Monday, 30 April 2007

Racing Certainties?

According to a story on the Sky Sports website West Ham have joined the race to sign Racing Santander's highly-rated defensive duo Ruben Gonzalez and Ezequiel Garay. Our Spanish feeder club, who have already provided us with the services of Yossi Benayoun, currently sit eighth in La Liga and both players have played a major role in that success. The Hammers dispatched a scout to El Sardinero at the weekend to watch Racing's clash with Deportivo La Coruna and Spanish sources say Garay and Ruben were the reason behind the visit. The article states we are not the only club to have shown an interest, with Manchester United, Tottenham, Everton and Bolton having all watched the pair in recent months. A Racing spokesman admitted: "It is certain that many scouts from the Premier League have been watching our games this year, but as of today we have not received any offer for the players."

In other news, Paul Jewell has accused the Premier League of "bottling it" when it came to punishing West Ham United over the Carlos Tevez case. In the story in The Guardian, the Wigan boss said a "precedent" had been set whereby clubs can now expect financial censure rather than a points deduction for the fielding of ineligible players, and claims a Premier League "insider" pleaded with officials at Wigan to beat West Ham on Saturday because of the unsuitable nature of the punishment. He broadened the subject by mentioning "other London clubs quite high up the league," who may use third- party agreements to sign players. Jewell said football's authorities are "frightened of what they might find" if they delve too deeply into certain clubs' practices.

The Daily Express suggest he could be thinking of Brazilian defender Alex, alleged to be a Chelsea player, who is playing for PSV Eindhoven and appeared against the Londoners in the Champions League. The Blues deny they hold Alex’s registration but do say they have first option to buy. In the same article, Jewell says he felt something was strange when League Two club Accrington Stanley played two ineligible players but were fined only £12,000 by the Football League less than a month ago. "I did smell a rat when Accrington Stanley got fined to be perfectly honest,” said Jewell. "Bury got kicked out of the FA Cup for fielding an ineligible player and when it came to fruition that West Ham might have done a similar thing, they might have got their heads together and said, ‘Listen, don’t take points off Accrington Stanley, you’d better fine them."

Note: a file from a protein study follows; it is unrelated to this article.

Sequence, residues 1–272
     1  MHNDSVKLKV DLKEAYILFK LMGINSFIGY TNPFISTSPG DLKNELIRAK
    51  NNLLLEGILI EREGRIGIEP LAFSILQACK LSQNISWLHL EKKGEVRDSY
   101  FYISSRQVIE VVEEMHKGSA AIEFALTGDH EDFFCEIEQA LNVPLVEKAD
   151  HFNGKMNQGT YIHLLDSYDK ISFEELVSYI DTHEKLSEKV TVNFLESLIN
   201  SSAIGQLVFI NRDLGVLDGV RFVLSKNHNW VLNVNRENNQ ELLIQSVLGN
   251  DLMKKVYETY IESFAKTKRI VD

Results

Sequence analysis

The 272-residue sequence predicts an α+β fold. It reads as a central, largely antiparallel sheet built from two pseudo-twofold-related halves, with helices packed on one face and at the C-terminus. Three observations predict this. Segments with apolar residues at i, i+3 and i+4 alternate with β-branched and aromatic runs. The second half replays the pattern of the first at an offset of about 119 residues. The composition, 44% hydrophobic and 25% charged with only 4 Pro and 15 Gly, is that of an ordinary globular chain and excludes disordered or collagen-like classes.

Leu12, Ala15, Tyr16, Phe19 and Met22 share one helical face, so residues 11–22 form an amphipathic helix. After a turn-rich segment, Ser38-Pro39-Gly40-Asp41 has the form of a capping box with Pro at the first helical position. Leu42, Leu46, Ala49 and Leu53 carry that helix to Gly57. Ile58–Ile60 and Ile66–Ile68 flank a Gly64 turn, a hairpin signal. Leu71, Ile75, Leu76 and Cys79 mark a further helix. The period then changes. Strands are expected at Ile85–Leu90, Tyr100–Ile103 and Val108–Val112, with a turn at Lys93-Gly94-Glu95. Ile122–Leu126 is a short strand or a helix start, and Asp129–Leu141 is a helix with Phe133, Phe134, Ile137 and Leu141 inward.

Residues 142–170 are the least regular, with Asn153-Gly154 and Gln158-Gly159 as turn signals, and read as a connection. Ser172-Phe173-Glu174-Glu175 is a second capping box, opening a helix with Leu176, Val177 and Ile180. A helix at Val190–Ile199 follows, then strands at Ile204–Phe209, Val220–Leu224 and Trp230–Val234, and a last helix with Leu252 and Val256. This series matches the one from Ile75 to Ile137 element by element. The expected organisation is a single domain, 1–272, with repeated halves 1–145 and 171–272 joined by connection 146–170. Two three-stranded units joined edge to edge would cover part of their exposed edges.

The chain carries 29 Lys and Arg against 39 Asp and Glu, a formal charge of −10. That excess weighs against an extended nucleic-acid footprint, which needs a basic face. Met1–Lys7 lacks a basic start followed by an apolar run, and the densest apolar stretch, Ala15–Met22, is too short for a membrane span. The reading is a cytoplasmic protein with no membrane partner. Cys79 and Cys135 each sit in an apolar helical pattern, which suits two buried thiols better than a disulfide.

Still with Wigan and chairman Dave Whelan has 'jokingly' threatened the Premier League with a legal headache if Wigan go down instead of West Ham. In a piece in the Manchester Evening News it is suggested Whelen could end up in a legal battle with the Premier League fighting for reinstatement of his club, plus financial compensation should his club go down and West Ham stay up. Fulham are also believed to have sought legal advice on the matter in what is becoming an increasingly fractious situation. Across the Pennines, and Sheffield United manager Ted Warnock has broken his silence on the Premier League's decision not to dock points from relegation rivals West Ham United. The Yorkshire Post carries an outspoken attack in which Warnock accuses those running the English game of both favouritism and double standards. "If it had been Sheffield United, Watford or Wigan – I think there would have been points deducted," he said. "Everybody knows that. And I think they (the Premier League) have set a rod for their own back. You can basically do what you want now and not get any points deducted."

Finally, there is a heart-warming story in the Daily Mail that claims the club are set to withhold more than £1million in payments to former chairman Terry Brown and withdraw his eight complimentary seats at Upton Park as they seek some redress after being fined £5.5m by the Premier League. Chairman Eggert Magnusson will consult major investor and club life honorary president Bjorgolfur Gudmundsson this week before deciding whether to go after Brown, who was club chairman when the deals were made, for some of the fine imposed. As part of the takeover, it was agreed Brown should be paid a salary of £600,000 per year for the next two years and given prime seats at Upton Park. It seemed likely today, though, that Magnusson, who is increasingly keen to distance him from the previous regime and holds the former chairman largely responsible for the problems with the deals, would withhold those payments.

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